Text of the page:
|Sanctions on 14 Iranian petrochemical companies to be eased||
TEHRAN – Sanctions imposed by the U.S. Treasury Department against fourteen Iranian petrochemical companies will be eased in the near future, IRNA reported on Monday.
The U.S. Treasury’s Office of Foreign Assets Control (OFAC) will soon exclude Bandar Imam Petrochemical Co., Bou Ali Sina Petrochemical Co., Mobin Petrochemical Co., Nouri Mobin Petrochemical Co., Pars Mobin Petrochemical Co., Tondgouyan Mobin Petrochemical Co., Shazand Mobin Petrochemical Co., Tabriz Mobin Petrochemical Co., Jam Mobin Petrochemical Co., Qaed Basir Mobin Petrochemical Co., Arya Sasol Mobin Petrochemical Co., and Marjan Mobin Petrochemical Co. from its sanction list.
In an interview with The Wall Street Journal last week, Mohammad-Hossein Peyvandi, deputy head of Iran's state-controlled National Petrochemical Co., said ending a ban on selling petrochemical technologies to Iran would "have an impact on European countries.
"Historically, we have relied more on the European market for technologies," he said, citing Italy, France and Germany as potential beneficiaries.
Mr. Peyvandi said Iran's petrochemical sector will spend $70 billion in the next 10 years, though he said the plans are partly contingent on sanctions being lifted.
As a result, he said, Iran's petrochemicals sector could generate an annual $50 billion in revenues by the next decade, up from $21 billion in the last Persian year ended March 2013, he said.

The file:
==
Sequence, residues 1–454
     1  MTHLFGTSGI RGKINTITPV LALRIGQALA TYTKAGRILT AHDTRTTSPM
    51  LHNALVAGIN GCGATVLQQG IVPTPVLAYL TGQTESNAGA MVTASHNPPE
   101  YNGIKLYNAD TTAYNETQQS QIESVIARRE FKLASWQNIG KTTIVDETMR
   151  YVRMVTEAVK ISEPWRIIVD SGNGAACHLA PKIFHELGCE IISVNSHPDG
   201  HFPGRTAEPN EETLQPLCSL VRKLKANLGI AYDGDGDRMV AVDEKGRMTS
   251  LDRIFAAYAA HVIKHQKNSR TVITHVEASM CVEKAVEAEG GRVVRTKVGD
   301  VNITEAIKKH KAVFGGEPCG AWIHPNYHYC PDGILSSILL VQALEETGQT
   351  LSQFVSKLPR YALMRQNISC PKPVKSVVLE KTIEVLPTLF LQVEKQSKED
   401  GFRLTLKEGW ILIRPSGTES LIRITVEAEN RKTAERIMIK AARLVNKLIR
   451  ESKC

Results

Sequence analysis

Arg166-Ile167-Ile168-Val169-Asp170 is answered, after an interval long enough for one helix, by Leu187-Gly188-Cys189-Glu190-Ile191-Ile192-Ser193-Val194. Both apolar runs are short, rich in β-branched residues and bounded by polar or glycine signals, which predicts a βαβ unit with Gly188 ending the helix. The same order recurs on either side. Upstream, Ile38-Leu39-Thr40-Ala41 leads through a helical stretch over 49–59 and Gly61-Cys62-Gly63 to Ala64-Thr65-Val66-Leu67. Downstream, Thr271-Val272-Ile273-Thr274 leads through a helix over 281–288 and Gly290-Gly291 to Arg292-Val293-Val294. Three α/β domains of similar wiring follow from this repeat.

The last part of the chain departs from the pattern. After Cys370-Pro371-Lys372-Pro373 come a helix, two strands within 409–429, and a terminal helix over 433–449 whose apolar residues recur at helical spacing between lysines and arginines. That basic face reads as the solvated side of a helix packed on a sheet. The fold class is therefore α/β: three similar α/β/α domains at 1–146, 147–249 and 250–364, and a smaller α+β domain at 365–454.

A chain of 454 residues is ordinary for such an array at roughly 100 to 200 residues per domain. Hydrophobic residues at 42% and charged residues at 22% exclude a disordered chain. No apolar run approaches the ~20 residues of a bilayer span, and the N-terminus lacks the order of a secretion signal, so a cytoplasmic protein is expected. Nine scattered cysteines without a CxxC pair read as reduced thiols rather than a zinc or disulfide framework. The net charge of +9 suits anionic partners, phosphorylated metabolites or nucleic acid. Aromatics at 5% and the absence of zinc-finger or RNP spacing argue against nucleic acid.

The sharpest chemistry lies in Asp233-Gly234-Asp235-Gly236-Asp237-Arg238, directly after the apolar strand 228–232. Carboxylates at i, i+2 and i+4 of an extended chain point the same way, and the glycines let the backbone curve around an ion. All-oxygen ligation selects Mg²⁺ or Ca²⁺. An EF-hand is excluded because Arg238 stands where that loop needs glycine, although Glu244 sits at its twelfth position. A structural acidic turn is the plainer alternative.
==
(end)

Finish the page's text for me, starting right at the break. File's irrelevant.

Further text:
NITC sanctions suspended
Meanwhile, the National Iranian Tanker Company (NITC) has got permission to ship oil to some Asian countries as sanctions were eased, IRNA reported, citing the company’s Managing Director Ali Akbar Safaei.
Tankers belonging to the company may export crude to China, India, Turkey, Japan, South Korea and Taiwan after sanctions against insuring the country’s vessels were suspended Jan. 20.
Iran agreed with world powers including the U.S., UK, France, Russia, China and Germany to limit its nuclear program in return for an easing of some sanctions on oil, auto parts, gold and precious metals in a Nov. 24 agreement signed in Geneva.
Iran is preparing for a second round of nuclear talks scheduled for next month as it seeks a further easing of sanctions that caused crude exports last year to drop to their lowest since 1990, according to data compiled by Bloomberg.
Crude export volumes to the Asian countries covered under the agreement won’t change, IRNA said, citing Safaei. The countries are allowed to import limited volumes of Iranian crude under a sanctions waiver agreement with the U.S.
Sanctions have only been suspended on tankers belonging to the National Iranian Tanker Co. and the National Iranian Oil Co. and not to other commercial and private entities listed by the U.S. treasury department, IRNA said.
The November agreement also gives Tehran access to $4.2 billion of frozen oil revenues and eases sanctions on petrochemical exports.
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|Last Updated on 27 January 2014 16:49|